Ultimately, Zeus and his brothers chose to rule over distinct parts of the cosmos. Zeus secured the heavens, Poseidon ruled the seas, and Hades became lord of the underworld.8 The limitations that Cronus once wished to deprive Zeus of were no longer an obstacle. According to Homer, Zeus reigned at the top of Mount Olympus, where he observed the affairs of men.9 Zeus also married his sister, Hera, and embodied the divine dimension of the code of ethics that ancient Greeks aspired to live by. Artistically, Zeus is characterized as a bearded and honorable man. When the topic of Greek gods and mythology arises, it is typical for one to envision Zeus and his lightning bolt.

  1. Salem Press Encyclopedia, 2017, s.v. “Zeus(Deity),” by Trudy Mercadal.
  2. Elaine Margery, Greek Mythology: Ancient Myths of the Gods, Goddesses, and Heroes-Zeus, Hercules and the Olympians (n.p., 2016), 30.
  3. Russel Robert, Zeus (Hockessin, DE: Mitchell Lane Publishers, Inc., 2008), 10.
  4. Robin Waterfield, The Greek Myths (London: Quercus, 2013), 6.
  5. Karoly Kerenyi, The God’s of the Greeks (London: Thames and Hudson, 2006), 3.
  6. Elaine Margery, Greek Mythology: Ancient Myths of the Gods, Goddesses, and Heroes-Zeus, Hercules and the Olympians (n.p., 2016), 23.
  7.  Russel Robert, Zeus (Hockessin, DE: Mitchell Lane Publishers, Inc., 2008), 33.
  8.  Salem Press Encyclopedia, 2017, s.v. “Zeus(Deity),” by Trudy Mercadal.
  9. Russel Robert, Zeus (Hockessin, DE: Mitchell Lane Publishers, Inc., 2008), 15.

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This Post Has 75 Comments

  1. This article was very interesting, especially since I haven’t seen too many articles that focused on Greek mythology. I knew a little about Zeus’s story before reading this, but I had forgotten that he was raised by a goat and nymphs, which seems a little strange. I also didn’t know that he had some many siblings, some of which are very famous in Free mythology, such as Poseidon, Demeter, and Hades.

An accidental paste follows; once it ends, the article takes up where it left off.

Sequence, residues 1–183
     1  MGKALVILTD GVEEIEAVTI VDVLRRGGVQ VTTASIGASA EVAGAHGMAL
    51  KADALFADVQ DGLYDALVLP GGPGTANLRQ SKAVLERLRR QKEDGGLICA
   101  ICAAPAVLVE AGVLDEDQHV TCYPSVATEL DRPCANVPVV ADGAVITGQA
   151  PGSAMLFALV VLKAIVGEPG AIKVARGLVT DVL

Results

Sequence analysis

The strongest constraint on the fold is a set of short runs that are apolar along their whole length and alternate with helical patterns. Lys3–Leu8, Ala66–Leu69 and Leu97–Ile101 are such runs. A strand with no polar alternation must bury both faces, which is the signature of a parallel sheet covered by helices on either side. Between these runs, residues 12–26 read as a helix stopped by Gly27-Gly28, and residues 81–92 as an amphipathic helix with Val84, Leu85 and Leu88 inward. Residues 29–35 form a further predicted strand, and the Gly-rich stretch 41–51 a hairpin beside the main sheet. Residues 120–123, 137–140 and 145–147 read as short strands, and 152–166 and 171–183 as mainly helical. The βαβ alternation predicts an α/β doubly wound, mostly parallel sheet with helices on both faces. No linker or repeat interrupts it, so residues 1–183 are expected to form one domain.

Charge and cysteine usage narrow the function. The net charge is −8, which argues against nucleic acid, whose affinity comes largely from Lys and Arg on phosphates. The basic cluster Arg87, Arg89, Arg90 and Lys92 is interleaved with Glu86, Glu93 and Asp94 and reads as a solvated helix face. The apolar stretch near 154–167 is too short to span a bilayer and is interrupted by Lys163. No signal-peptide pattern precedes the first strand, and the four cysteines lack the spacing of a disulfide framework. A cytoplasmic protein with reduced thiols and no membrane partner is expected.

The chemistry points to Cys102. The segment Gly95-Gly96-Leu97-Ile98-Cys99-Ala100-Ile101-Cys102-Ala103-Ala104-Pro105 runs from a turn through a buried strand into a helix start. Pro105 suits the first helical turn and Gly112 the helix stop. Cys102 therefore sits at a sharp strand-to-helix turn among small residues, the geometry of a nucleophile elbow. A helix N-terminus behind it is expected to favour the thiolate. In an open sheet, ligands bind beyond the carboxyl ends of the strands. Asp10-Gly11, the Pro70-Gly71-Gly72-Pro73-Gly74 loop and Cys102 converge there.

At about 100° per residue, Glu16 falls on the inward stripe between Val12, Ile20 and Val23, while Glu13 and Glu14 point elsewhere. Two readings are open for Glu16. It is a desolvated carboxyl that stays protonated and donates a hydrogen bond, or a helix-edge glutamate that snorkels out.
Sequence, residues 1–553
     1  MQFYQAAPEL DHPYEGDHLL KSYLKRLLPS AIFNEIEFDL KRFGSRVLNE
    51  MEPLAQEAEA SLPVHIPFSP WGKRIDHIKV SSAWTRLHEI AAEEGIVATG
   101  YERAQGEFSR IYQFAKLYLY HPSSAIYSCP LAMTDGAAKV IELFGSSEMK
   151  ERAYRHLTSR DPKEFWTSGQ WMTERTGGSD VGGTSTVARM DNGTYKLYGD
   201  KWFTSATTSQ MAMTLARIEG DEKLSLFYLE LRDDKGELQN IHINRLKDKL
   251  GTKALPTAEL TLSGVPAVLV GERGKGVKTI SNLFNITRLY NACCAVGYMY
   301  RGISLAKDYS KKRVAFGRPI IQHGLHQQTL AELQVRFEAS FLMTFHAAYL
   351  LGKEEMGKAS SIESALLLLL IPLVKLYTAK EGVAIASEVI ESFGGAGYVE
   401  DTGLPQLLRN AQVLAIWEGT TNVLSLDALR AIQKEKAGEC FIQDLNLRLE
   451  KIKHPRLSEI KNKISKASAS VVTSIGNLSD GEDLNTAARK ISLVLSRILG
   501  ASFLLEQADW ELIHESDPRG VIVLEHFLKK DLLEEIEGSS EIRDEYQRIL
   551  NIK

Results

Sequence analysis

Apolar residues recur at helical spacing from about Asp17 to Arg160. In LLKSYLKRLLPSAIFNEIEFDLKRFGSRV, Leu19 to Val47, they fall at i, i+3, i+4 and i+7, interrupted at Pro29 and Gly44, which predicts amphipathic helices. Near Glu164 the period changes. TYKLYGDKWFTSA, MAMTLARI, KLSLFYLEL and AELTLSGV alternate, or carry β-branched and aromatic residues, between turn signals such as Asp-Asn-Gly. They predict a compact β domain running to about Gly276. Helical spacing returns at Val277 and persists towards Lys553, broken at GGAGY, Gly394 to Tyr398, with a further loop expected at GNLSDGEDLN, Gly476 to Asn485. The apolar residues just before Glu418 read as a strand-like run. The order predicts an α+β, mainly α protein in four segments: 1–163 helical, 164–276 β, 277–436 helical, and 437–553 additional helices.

2. Greek mythology is always so complicatedly fascinating. Zeus’s upbringing is a story I never heard or read til now and it’s extremely entertaining. I never knew Zeus was raised without knowing his true potential before now I assumed he immediately defeated his father and gained his rule over the gods. It’s new and entertaining to learn of his raising from Amaltheia and the origin of his lightning bolt from a cyclops. Though I knew about his father eating his children, then later with the help of titans spit them out; it never ceases to joy me reading such stories. This article did just that, tell an enticing story.

  3. This article gives excellent historical backgrounds to the origins of the mythical Gods that heavily impacted the ancient civilization of Greece, Especially Zeus. It was intriguing to hear how the Gods of Olympus came to power, and how the gods of the ancient Greeks shared similar tendencies to the mortal man. We think of the divine to be more sophisticated- above the flaws that human beings possess. However, in this article we can associate jealousy, greed, and deceit, with immortal entities.

  4. I love how Greek mythology is so old yet it never dies. All the stories of the gods and goddesses are so interesting and to learn of their powers and what they had dominion over through stories is so fun. what I found most interesting about this article was how it mentioned the upbringing of Cronus and zeus. Its funny how their stories are similar in the way that they both had to defeat their own fathers (father like son ). The one part I had never read about or heard about was how zeus was raised by Amaltheia, the goat that nursed him.

    1. D'Hannah Duran

      Greek mythology has always been something that has interested me, to see how Zeus affected the ancient civilizations beliefs. To read about how Zeus was raised along with his upbringing around Cronus, then even have some tie in with Homer is amazing. Even the momentary mention of Hades and Poseidon was great showing how these were the main three gods each having their own realm to reign over.